By Martin Murphy
BBC Americas analyst
Venezuelan President Hugo Chavez has arrived in Russia, where he will meet his counterpart, Vladimir Putin, for talks on military co-operation.
The symbolism of Chavez's itinerary will not be lost on Washington
Mr Chavez is expected to visit a helicopter factory and discuss the possible purchase of diesel submarines.
This is Mr Chavez's second visit in under a year to Russia, which he has designated as a "strategic partner".
At an international level, he wants to minimise Washington's influence in the world, especially in Latin America.
President Chavez has a very clear idea of what he wants to achieve.
At home, he is working to set up a socialist republic, but his former goal is proving more difficult than his dream of a socialist revolution.
The US sees Venezuela as a destabilising force in the region, and Mr Chavez knows that if he wants to stand up against the US he needs allies outside of Latin America.
Mr Chavez has chosen his allies carefully. Iran has nuclear expertise to offer, while China represents a very attractive market for Venezuelan oil.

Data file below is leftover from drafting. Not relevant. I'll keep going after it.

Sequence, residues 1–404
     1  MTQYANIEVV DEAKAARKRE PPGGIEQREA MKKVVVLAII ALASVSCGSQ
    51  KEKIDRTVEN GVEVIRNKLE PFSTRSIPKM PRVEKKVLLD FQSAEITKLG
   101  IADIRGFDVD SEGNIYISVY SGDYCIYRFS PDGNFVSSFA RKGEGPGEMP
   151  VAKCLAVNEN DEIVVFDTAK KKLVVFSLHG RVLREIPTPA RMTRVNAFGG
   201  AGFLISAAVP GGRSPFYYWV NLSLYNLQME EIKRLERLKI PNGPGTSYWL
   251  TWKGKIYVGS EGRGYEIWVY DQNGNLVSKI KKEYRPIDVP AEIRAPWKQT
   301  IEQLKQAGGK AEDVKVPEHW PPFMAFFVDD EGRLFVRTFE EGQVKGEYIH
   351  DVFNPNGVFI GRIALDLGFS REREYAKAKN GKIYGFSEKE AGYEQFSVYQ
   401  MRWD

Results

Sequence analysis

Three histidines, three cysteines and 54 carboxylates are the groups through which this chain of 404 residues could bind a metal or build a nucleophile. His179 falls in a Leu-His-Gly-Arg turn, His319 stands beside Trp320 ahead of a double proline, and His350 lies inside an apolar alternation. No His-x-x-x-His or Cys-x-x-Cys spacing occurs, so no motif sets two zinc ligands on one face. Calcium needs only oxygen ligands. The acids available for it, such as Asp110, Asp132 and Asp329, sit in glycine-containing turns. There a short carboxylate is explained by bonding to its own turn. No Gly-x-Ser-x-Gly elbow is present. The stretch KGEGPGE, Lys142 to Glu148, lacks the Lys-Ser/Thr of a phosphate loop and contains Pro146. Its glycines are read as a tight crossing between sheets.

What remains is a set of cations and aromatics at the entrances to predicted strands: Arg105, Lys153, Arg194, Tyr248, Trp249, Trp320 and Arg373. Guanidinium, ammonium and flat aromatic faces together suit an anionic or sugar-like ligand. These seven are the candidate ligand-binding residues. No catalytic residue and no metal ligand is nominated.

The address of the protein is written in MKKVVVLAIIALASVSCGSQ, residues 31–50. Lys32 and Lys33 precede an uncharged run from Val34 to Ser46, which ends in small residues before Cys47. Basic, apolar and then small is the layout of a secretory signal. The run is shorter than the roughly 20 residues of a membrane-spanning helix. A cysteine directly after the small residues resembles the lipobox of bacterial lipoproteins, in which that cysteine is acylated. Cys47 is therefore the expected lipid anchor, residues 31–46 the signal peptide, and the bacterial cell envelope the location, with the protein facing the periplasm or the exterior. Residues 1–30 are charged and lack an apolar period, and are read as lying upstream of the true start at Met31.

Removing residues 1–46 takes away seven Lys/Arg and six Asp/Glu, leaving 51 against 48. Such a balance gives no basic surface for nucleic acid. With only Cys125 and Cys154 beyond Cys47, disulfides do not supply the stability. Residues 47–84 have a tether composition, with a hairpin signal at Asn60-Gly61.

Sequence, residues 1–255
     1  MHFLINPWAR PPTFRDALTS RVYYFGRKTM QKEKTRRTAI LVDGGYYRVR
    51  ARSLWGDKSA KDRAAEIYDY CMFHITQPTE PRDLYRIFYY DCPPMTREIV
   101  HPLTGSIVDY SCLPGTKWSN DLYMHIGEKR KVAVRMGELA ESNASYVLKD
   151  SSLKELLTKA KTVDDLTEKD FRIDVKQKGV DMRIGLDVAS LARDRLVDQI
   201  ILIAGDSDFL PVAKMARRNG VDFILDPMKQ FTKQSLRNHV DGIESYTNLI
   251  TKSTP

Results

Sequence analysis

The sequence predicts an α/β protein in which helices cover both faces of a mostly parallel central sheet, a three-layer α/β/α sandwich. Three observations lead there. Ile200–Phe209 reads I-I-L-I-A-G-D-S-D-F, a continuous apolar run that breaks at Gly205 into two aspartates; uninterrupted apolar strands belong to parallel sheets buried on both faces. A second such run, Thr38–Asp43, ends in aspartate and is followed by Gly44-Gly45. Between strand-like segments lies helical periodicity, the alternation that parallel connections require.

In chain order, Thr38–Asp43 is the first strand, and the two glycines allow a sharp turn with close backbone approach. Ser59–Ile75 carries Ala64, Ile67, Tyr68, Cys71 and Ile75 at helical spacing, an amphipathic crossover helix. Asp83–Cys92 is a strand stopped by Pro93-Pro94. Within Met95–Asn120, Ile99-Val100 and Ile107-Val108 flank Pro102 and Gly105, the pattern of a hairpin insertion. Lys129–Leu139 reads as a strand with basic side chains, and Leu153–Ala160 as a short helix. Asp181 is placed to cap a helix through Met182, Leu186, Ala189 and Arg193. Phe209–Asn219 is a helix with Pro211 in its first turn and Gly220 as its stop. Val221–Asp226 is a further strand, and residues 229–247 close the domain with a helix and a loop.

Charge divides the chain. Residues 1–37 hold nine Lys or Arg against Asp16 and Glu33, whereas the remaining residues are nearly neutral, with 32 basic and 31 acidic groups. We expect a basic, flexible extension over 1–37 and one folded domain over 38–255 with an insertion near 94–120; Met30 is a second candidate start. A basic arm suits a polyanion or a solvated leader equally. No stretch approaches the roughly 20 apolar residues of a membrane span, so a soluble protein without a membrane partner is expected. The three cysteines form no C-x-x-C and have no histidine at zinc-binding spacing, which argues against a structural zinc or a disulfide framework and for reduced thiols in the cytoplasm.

In Russia, Mr Chavez has found a partner that has no problem disregarding Washington's worries and selling him weapons.
Experts say Mr Chavez is seeking a tie-up with the Russian gas giant
Venezuela has bought fighter planes, helicopters and assault rifles from Russia, and could now buy between five and nine diesel submarines.
This would make Venezuela the country with the biggest submarine fleet in Latin America.
But Mr Chavez is also interested in Russia's oil and gas knowledge.
Venezuela is home to the Orinoco belt, which holds the world's largest reserves of heavy oil, and talks are already under way between Lukoil - Russia's biggest oil company - and the state-owned Petroleos de Venezuela.
Mr Chavez also wants to build a gas pipeline from Venezuela to Argentina, and plans to set up an Organisation of Gas Exporting Countries in South America.
All this would be under the technical guidance of Russia's Gazprom - the world's largest gas producer.
But perhaps the symbolism of what follows Mr Chavez's visit is what matters most. After leaving Russia, he will travel to Belarus and Iran.
At the same time, President Putin will be meeting George W Bush in the US. Mr Chavez's visit to Russia and then Iran is unlikely to go unnoticed.